Unsafe office environments can result in lowered employee morale, dangerous situations, and loss of revenue. It is a pricey risk that businesses cannot afford to ignore. However, the presence of security guards will improve security by effectively deterring crime during business hours and after closing.

Security guards are professionally trained to handle any incidents of crime that occur, and Paladin Security’s highly trained guards are essential to your company’s crime prevention strategy.

Discover more about office safety and crime prevention to keep your business, your clients, and your staff safe:

How To Become Aware Of Your Own Intergenerational Trauma

How To Become Aware Of Your Own Intergenerational Trauma

Dr. Murray Bowen created an amazing tool to help us easily map various tendencies in our families, such as patterns in relationships, violence, health concerns, addiction, and trauma. It is kind of like a family tree, but you use it to map the different aspects of your family. In doing so, patterns are often highlighted.

Start with yourself, siblings, partner and children. From there you grow up – much the way you would with a family tree. It starts by looking something like this

Original Template: https://www.mywordtemplates.org/printables/template399.html

Once you have the foundation of all the people you are going to include, you get to add symbols for aspects you notice such as physical or mental health concerns, addictions, relationship dynamics, violence, trauma etc. You can make up your own symbols, or use the symbols suggested here: 

Source: https://www.edrawsoft.com/genogram/genogram-symbols.html

As you can see, you can make it as simple or complicated as you want. The interesting piece comes when you start to track the patterns. For example, you might see your grandfather struggled with working a lot and then your uncle also struggled with this. You might have a number of family members that have asthma and also have struggled with depression in their lives. You might notice there is conflict in relationships that threads throughout a certain area of your family. Perhaps immigration or social unrest (violence) impacts roles and relationships. Perhaps your grandmother played a big role as matriarch in your family and now your auntie or someone else has taken on that role.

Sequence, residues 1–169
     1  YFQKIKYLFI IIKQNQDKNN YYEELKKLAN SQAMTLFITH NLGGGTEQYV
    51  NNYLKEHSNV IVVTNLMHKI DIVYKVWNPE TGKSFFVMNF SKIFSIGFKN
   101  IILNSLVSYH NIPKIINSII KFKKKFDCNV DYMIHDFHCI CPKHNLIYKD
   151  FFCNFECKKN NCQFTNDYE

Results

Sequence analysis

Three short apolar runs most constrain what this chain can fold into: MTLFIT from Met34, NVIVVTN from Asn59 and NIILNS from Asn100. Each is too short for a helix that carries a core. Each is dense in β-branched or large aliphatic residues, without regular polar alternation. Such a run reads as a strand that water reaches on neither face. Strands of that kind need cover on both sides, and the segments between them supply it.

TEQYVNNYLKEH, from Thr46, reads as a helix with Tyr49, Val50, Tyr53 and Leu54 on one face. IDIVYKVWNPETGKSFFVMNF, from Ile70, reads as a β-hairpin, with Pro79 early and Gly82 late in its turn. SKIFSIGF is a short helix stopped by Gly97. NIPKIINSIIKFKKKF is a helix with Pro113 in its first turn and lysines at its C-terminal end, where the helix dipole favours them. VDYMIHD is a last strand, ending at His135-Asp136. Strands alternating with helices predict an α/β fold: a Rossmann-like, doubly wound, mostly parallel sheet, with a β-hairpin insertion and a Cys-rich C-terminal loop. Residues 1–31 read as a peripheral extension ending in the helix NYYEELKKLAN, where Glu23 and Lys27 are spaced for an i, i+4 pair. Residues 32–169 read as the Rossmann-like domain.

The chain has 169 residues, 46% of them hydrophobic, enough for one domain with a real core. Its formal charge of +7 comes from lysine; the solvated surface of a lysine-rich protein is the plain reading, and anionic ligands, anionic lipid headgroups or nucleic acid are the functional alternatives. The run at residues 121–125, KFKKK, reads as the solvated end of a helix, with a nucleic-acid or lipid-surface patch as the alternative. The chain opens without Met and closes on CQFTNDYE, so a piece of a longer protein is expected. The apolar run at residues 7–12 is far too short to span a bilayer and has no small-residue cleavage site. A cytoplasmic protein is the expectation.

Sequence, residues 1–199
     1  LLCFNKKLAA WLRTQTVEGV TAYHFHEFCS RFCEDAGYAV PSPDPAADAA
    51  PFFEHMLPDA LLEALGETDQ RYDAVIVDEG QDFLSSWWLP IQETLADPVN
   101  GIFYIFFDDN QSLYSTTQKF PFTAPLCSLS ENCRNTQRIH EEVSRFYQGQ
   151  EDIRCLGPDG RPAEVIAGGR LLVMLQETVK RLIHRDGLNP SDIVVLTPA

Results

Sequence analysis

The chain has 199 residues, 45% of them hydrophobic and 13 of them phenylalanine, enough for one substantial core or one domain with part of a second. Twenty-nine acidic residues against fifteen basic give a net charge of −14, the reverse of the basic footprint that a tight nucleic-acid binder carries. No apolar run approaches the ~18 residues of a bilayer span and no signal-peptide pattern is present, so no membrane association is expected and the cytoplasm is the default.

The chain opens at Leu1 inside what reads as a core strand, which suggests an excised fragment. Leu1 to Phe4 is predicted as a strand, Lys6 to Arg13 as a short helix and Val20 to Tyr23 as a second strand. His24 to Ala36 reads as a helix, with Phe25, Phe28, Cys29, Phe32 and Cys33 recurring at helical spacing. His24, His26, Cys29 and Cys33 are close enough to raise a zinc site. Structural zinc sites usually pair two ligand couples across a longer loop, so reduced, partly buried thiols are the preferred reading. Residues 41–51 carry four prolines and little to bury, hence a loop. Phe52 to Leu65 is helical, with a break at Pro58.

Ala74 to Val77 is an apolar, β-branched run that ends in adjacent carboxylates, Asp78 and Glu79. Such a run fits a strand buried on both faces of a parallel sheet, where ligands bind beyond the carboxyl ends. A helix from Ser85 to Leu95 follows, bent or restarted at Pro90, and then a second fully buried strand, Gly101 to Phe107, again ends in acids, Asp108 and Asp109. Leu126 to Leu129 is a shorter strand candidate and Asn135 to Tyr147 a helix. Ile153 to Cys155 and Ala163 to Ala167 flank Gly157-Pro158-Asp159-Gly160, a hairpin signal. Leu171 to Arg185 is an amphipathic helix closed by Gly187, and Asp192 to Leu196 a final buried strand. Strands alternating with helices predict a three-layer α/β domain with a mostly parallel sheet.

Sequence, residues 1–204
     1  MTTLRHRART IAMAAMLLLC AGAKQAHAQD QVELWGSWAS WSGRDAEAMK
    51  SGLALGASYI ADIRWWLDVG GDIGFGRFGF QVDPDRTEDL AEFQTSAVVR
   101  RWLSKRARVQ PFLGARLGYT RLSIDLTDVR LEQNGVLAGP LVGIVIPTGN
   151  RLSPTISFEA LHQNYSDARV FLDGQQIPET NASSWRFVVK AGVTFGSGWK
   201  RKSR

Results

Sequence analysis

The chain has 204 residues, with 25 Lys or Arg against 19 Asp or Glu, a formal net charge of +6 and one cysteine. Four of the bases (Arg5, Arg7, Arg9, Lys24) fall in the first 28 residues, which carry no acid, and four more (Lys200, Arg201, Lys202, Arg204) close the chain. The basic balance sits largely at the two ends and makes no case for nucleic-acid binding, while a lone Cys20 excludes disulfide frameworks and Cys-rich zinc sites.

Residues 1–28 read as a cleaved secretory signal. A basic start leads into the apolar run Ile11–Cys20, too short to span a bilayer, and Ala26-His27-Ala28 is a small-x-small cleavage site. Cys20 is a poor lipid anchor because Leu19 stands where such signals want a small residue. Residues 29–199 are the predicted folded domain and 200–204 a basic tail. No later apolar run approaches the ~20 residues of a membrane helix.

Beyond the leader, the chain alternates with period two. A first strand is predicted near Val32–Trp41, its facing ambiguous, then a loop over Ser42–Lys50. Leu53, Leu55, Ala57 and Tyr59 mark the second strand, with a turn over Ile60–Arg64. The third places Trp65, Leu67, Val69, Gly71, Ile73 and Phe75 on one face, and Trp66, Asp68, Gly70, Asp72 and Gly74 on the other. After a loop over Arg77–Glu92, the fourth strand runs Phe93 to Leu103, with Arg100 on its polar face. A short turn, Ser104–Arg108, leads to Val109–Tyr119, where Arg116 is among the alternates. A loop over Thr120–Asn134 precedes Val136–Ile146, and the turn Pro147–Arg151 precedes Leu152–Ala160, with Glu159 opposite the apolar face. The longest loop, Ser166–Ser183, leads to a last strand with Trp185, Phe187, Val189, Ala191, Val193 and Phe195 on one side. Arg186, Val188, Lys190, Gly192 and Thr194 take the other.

Keep in mind, you might need to speak with a few relatives to get the stories of family from a generation or two ago. See if you can have an open mind to see the impact of one person’s experiences on the whole family system. If we step back and see the genogram as a map to a family system (as in Family Systems Therapy), it can open our eyes to how we are all connected through these stories and experiences. 

You will likely see changes through the generations. For example, if there was violence in the society or in a relationship in one generation (eg. physical violence) – there might be a different version of violence (eg. verbal violence) in another relationship or a form of coping in close by family members (eg. addiction). This is essentially a clear depiction of intergenerational trauma. 

Let’s say grandmother was exposed to violence in war growing up. Perhaps her parents (your great-grandparents) were so stressed by the violence they were verbally violent to each other and the children. Perhaps occasionally something was thrown or someone was hit due to the stress and exposure to violence. Let’s imagine the war was over and the pain of that war (trauma) and violence was so difficult one of the parents turned to alcohol to cope. Your grandmother saw the realities of alcohol and swore to never drink. She herself might have yelled at her own children and been quite strict, but this is what she knew and she never threw anything. Grandmother married a wonderful person, but they ended up struggling with depression and leaning on alcohol during stressful times. They yelled at your grandmother and the kids a lot.